“I’m so honored to be alive at such a miraculous time in history. I’m so moved by what’s going on in our world today.”
This was 2003. The words were those of Robert Muller — the other one, the one from Costa Rica, former assistant secretary general of the United Nations — who was speaking just after George W. Bush invaded Iraq, to the horror and outrage of most of Planet Earth. Millions of people took to the streets, in the U.S. and around the world, to protest the invasion. Muller called this movement “the other superpower.”
“Never before in the history of the world,” he went on, “has there been a global, visible, public, viable, open dialogue and conversation about the very legitimacy of war.”
Oh! Such ancient history, right? Yet in the wake of current events — in particular, the Trump administration’s release of the 2018 Nuclear Posture Review — I feel an urgent need to summon Muller’s words back to the present moment. Is this moment empty of all hope and sanity, occupied as it is by the forces of empire and a militarized presidential ego? Or was Muller right? Is there a global, evolutionary counterforce out there as well, equal to or greater than the corporate militarism that seems to have a stranglehold on the future?
To talk about outrage — over war, over poverty, over environmental devastation — is one thing. It’s reactive, emotion-driven and without either a long-term plan of action or a reliable flow of funding. To talk about “the other superpower” implies something far more coherent and focused — or at least, something with enough power to seriously challenge the aims of . . . for instance, the nuclear arms establishment, which begins with the unacknowledged certainty that war is inevitable and winning the next one is always the first order of business.
As the Nuclear Age Peace Foundation pointed out in a press release following last week’s release of the new Nuclear Posture Review, the document “represents a reckless realignment of an already dangerous U.S. nuclear policy.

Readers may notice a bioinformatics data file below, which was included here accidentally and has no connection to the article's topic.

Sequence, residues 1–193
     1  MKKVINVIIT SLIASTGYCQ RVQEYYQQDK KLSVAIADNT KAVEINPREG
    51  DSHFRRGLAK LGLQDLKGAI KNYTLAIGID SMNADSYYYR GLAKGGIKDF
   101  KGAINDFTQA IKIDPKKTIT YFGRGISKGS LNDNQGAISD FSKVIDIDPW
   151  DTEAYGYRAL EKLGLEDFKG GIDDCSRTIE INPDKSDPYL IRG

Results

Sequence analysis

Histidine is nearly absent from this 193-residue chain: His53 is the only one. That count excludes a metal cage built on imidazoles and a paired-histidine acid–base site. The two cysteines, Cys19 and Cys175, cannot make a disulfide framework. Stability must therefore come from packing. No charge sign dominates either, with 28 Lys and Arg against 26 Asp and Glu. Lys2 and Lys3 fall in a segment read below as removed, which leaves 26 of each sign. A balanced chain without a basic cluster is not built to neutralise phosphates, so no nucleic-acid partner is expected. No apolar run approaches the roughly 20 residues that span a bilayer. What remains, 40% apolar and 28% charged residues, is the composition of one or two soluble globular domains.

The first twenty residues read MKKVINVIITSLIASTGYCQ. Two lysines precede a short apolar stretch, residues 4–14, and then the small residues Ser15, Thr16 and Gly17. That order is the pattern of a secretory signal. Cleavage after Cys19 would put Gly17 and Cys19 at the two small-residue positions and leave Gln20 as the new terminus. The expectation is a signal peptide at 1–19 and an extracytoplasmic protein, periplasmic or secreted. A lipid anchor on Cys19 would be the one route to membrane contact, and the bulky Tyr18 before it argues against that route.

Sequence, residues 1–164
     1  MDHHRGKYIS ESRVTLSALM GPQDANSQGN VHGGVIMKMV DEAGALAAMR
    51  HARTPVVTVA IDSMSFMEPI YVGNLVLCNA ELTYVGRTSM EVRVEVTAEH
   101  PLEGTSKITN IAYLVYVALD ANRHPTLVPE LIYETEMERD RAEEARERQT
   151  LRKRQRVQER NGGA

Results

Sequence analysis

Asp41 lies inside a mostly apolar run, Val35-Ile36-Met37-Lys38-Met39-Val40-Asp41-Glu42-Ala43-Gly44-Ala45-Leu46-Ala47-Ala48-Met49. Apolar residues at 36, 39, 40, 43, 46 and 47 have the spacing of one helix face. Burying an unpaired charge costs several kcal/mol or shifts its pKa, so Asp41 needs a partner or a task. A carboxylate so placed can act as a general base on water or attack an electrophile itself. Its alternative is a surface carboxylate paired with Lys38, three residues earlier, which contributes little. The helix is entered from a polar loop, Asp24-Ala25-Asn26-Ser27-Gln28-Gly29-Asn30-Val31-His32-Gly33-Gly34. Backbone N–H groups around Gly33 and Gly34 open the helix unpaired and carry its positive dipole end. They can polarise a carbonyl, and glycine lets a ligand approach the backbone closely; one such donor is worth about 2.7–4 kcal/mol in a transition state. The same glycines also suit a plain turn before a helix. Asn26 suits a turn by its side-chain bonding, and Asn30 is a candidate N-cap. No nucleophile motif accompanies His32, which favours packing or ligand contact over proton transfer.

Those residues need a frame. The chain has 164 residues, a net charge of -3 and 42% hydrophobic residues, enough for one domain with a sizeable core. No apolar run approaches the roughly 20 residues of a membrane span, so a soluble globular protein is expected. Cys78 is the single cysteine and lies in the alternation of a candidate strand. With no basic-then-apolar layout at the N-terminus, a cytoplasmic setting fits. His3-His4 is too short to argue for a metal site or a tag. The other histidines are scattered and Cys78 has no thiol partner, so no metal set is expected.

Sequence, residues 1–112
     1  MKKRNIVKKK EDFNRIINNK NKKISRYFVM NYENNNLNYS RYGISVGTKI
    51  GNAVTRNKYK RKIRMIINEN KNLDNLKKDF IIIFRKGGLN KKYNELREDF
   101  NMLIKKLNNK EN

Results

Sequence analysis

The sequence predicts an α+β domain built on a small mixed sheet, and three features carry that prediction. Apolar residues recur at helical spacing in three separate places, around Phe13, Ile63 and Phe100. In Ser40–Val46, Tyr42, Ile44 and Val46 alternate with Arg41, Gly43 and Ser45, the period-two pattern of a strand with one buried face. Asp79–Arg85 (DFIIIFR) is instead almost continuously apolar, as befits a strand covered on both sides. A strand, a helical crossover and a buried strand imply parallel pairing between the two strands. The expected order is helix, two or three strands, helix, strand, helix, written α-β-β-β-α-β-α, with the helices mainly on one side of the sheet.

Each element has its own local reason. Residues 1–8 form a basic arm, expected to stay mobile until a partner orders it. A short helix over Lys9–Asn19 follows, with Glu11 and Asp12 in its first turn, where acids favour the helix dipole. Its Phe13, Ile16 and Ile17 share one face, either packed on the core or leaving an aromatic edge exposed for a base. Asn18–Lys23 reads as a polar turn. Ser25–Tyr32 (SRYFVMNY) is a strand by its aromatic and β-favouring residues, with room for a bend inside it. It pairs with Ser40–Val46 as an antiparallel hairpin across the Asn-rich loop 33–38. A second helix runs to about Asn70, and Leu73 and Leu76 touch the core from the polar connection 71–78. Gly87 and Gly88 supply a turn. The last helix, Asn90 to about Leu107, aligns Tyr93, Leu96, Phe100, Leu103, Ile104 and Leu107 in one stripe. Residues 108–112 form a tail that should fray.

“The review specifically calls for the development of new, low-yield nuclear weapons that have lower explosive force. Many experts warn that such smaller weapons would blur the distinction between nuclear and non-nuclear weapons, representing a significant and dangerous increase in the likelihood of their use. . . .
“The review seeks to deter nuclear war by making it easier to start nuclear war,” the press release noted.
“Last year, the price tag for a 30-year makeover of the U.S. nuclear arsenal was estimated at $1.2 trillion. Analysts say the expanded plan put forth in the Trump NPR review would push the cost vastly higher.”
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The Nuclear Age Peace Foundation was one of numerous organizations to express shock and outrage about the document. And psychiatrists Bandy X. Lee and James R. Merikangas, in an op-ed in USA Today published shortly after the NPR’s release, pushed the concern about it beyond the political realm.
“Trump,” they write, “with the psychological vulnerabilities he displays, in an office that invests enormous power in one individual, may present a situation of unusual risk. Our military ensures that every officer handling nuclear weapons has the mental capacity to do so — but does not take the same precautions regarding the person who can command a strike. . . .
“There has already been a shift in international norms regarding nuclear weapons due to Trump. He has bragged about them, threatened to use them and expressed a desire to increase his stockpile in ways that suggest more psychological than policy-driven motives.”
Add to this the U.S. bombing going on throughout the Middle East and Trump’s recent orders to the Pentagon to organize a huge military parade in Washington, D.C., summoning, it seems, the glory of dictatorships past and present, and I found myself trying to reach for something beyond outrage. I started to feel a cold chill in my soul. What matters here is the emergence of a different sort of power that understands the reality of peace: It’s not something forced on the loser by the winner’s superior weaponry.
That’s the building block of nationalism. “What’s deeply engrained in our emotional makeup,” writes Barbara Ehrenreich in Blood Rites: Origins and History of the Passions of War, “is something that’s very positive — the capacity to band together to experience a kind of euphoria from collective defense against a common enemy. . . . Those are the emotions we bring to wars and (they) are very noble and generous and altruistic.”
The paradox of reaching beyond war, as I noted in the wake of the Iraq invasion, is that doing so disrupts “the mobilized public at its level of deepest bonding” and “sews doubt in the psychic well of patriotism.”
In a world organized as a conglomerate of nations, we bless our worse instincts — to strike out in weaponized fear, to kill en masse — with our best instincts: generosity, altruism, cooperation, sacrifice. Those who support the war of the moment do so from their largest, most selfless instincts, just as do those who oppose the war.
The “other superpower” Muller envisioned a decade and a half ago is still in the process of creating itself out of this paradox. Love thy enemy as thyself? Actually, the creation process has been going on for a few thousand years now.